How Much Sleep Adults Need on Average to Be Rested

If you experience excessive daytime sleepiness, you may not be getting enough sleep. How much sleep do adults need on an average night to feel rested? Learn how sleep needs change as we become older and whether or not you are getting enough to feel rested. Finally, consider other factors that might affect sleep quality, even if you are getting sufficient hours of shuteye in bed.

Matur man lying on bench with a book, taking a nap
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Factors That Determine the Amount of Sleep You Need

The amount of sleep that you need is likely determined by your genetics, your age, your overall health, the various demands during your day, and other factors. Some people require more sleep and others get by on less. As we get older, we may have decreased ability to sleep at night, resulting in more time in lighter sleep and increased insomnia. Medical problems, including chronic pain and other sleep disorders like sleep apnea, may impact the ability to sleep at night. Increased or decreased physical activity, including exercise, may also impact sleep needs.

If you obtain the total amount of sleep that you need to feel rested, you can avoid the impacts of sleep deprivation and improve your daytime function. Most people get most of their sleeping done at night, but sleep needs can also be supplemented by taking naps. It is possible to determine the approximate amount of sleep you need by following a simple experiment.

Average Sleep Needs of Adults

In general, the average healthy adult needs 7 to 9 hours of sleep per night. Experiments have demonstrated that the average amount of sleep needed to avoid detrimental effects on daytime function is about 8 hours and 10 minutes. It is recommended that adults beyond age 65 may need less sleep, averaging 7 to 8 hours instead. If excess time is spent in bed, insomnia will result.

This normal distribution of sleep needs in a population is a bell-shaped curve. Just like height, weight, intelligence, and other factors: there are people at the extremes and you may not fit the "average." Some individuals may only need 6 hours of sleep to wake feeling completely rested without adverse consequences. Extended time spent in bed for these individuals would result in insomnia. On the other hand, some people may need 9 hours (or even more), and only getting 8 hours of sleep will result in sleep deprivation.

If you find yourself feeling sleepy during the day, you may not be getting enough sleep. Try to keep a regular bedtime and a fixed wake time. Go to bed when you feel sleepy, and try to meet your individual sleep needs by protecting your sleep time from other activities. When waking in the morning, try to get 15 to 30 minutes of sunlight exposure either upon awakening or at sunrise.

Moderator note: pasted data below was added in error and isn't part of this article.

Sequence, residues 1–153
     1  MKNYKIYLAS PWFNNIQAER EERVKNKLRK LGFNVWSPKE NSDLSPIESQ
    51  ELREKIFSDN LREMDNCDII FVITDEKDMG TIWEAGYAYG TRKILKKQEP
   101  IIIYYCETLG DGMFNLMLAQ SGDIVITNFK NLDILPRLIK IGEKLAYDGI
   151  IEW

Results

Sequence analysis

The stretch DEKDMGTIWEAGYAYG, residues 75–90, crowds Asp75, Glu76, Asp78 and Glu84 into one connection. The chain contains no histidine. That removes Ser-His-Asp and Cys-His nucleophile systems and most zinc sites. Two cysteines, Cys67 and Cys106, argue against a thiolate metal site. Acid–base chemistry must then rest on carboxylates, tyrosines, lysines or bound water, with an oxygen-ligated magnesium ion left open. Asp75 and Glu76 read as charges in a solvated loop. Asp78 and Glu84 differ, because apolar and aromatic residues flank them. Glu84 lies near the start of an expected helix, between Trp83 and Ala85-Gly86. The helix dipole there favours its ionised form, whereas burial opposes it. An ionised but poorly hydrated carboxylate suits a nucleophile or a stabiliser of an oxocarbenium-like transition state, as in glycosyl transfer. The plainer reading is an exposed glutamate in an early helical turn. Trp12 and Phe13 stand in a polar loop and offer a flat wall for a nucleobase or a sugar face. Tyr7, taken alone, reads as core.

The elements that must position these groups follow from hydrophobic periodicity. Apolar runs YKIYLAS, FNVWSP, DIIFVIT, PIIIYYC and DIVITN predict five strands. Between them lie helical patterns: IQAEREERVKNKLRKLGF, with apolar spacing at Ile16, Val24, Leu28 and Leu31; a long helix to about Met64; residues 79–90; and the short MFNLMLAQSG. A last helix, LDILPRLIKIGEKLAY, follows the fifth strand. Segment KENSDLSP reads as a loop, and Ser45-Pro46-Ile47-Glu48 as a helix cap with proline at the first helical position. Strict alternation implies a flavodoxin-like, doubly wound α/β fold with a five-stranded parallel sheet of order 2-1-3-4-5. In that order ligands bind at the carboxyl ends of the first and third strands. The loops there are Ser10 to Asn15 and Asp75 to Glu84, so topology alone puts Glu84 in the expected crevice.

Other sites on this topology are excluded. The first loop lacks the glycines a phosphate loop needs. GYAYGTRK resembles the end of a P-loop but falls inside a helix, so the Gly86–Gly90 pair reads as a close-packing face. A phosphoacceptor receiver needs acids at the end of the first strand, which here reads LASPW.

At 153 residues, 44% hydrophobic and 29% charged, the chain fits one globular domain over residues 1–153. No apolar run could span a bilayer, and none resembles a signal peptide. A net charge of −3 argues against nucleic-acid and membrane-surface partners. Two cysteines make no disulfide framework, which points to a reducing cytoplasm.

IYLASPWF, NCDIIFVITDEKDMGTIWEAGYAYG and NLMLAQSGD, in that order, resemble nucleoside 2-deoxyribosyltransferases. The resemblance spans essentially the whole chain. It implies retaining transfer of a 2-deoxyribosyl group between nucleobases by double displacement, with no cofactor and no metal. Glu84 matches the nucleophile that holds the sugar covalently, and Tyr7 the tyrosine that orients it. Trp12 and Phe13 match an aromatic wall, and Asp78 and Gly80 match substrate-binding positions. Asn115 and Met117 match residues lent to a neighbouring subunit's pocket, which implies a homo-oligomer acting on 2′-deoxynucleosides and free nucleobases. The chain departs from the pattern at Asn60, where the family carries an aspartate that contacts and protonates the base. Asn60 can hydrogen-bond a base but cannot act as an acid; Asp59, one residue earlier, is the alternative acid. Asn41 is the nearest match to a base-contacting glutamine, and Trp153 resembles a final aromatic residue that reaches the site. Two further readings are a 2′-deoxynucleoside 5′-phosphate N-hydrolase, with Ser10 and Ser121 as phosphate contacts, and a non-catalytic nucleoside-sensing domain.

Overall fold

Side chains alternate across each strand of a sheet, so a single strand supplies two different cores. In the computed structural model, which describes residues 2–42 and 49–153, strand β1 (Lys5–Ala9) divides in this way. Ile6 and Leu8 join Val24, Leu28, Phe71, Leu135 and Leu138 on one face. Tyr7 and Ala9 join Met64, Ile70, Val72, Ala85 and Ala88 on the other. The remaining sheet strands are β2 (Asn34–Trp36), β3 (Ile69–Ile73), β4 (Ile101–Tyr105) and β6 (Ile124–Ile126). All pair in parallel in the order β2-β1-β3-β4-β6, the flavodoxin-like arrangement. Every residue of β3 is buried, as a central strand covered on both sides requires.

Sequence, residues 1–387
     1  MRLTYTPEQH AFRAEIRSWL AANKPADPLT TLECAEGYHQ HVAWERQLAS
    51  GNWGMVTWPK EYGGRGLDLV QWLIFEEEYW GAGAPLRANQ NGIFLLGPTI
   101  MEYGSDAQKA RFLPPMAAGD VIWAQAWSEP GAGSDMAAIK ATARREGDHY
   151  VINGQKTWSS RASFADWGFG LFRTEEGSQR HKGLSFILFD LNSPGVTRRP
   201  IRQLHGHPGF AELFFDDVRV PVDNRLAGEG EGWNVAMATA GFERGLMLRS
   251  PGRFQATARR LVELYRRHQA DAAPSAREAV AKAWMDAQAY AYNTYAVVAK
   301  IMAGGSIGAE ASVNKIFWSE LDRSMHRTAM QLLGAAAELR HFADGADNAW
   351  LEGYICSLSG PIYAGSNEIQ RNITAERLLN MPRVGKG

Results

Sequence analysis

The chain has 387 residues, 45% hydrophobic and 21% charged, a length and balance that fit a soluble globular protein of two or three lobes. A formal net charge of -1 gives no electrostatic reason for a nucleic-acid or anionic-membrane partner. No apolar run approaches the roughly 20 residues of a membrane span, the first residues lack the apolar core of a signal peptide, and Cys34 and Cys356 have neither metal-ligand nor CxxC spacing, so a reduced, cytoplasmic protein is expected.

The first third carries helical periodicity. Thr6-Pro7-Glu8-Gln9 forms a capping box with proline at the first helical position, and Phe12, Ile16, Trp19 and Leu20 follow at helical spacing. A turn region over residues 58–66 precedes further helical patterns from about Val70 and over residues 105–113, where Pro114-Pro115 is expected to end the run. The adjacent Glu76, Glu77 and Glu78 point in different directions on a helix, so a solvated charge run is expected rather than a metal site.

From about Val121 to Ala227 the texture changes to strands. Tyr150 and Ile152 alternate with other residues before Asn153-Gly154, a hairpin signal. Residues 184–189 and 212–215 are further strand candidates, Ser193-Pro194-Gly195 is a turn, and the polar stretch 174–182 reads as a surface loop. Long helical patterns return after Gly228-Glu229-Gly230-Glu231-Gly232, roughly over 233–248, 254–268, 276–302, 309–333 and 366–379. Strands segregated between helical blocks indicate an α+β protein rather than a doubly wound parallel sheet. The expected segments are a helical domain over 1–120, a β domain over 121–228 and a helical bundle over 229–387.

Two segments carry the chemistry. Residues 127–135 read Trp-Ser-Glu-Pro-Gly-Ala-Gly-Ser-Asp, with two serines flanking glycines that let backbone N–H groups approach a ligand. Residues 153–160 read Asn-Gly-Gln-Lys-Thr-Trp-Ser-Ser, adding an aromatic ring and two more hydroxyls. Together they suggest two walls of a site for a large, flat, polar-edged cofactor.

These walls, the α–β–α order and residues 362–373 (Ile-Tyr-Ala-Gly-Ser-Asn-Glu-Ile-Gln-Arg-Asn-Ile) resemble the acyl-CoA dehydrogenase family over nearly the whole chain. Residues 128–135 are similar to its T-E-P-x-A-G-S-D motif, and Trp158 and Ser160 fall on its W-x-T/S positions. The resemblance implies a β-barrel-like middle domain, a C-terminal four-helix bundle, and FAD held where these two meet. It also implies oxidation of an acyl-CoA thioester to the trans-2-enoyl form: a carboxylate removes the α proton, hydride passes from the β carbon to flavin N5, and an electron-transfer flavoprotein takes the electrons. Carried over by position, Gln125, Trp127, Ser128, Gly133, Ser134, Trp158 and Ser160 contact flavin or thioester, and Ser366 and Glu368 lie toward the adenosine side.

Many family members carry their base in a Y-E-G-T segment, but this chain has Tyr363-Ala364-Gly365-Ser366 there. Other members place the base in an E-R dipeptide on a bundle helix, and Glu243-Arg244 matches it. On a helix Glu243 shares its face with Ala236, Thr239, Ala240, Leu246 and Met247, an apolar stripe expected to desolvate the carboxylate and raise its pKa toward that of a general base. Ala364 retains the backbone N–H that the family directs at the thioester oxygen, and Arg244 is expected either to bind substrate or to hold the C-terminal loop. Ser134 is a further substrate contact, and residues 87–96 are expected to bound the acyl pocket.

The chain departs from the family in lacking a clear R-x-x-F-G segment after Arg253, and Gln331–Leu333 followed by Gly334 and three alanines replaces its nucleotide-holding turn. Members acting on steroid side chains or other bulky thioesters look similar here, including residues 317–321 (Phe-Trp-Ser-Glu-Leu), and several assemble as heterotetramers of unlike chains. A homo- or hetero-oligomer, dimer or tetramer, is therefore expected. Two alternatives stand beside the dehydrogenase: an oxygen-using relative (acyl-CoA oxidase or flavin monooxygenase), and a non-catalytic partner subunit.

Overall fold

The Consequences of Inadequate Sleep

If you get less sleep than you need, you are likely to begin accumulating a sleep debt. You may have sleep deprivation, which can result in physical as well as psychological effects. If you are chronically sleep deprived, you may suffer from adverse health consequences like obesity.

In some cases, it is not solely the total hours that is important. Sleep quality can be severely undermined by conditions like obstructive sleep apnea and periodic limb movements of sleep.

If you get enough hours of sleep, but still don't wake feeling rested or have sleepiness later in the day, you should speak with a sleep doctor about other factors that might be impacting the quality of your sleep.

4 Sources
Verywell Health uses only high-quality sources, including peer-reviewed studies, to support the facts within our articles. Read our editorial process to learn more about how we fact-check and keep our content accurate, reliable, and trustworthy.
  1. National Institute of Neurological Disorders and Stroke. Brain basics: Understanding sleep.

  2. Sleep Foundation. National sleep foundation recommends new sleep times.

  3. Harvard Health Publishing. Repaying your sleep debt.

  4. Division of Sleep Medicine at Harvard Medical School. External factors that influence sleep.

Additional Reading
  • "National Sleep Foundation Recommends New Sleep Times."

  • Van Dongen, HPA et al. "The cumulative cost of additional wakefulness: dose-response effects on neurobehavioral functions and sleep physiology from chronic sleep restriction and total sleep deprivation." Sleep 26(2):117-126.

  • Wehr, TA et al. "Conservation of photoperiod-responsive mechanisms in humans." Am J Physiol 165(4):R846-857.

  • Kryger, MH et al. "Principles and Practice of Sleep Medicine." Elsevier, 6th edition, 2016.
Brandon Peters, M.D.

By Brandon Peters, MD
Dr. Peters is a board-certified neurologist and sleep medicine specialist and is a fellow of the American Academy of Sleep Medicine.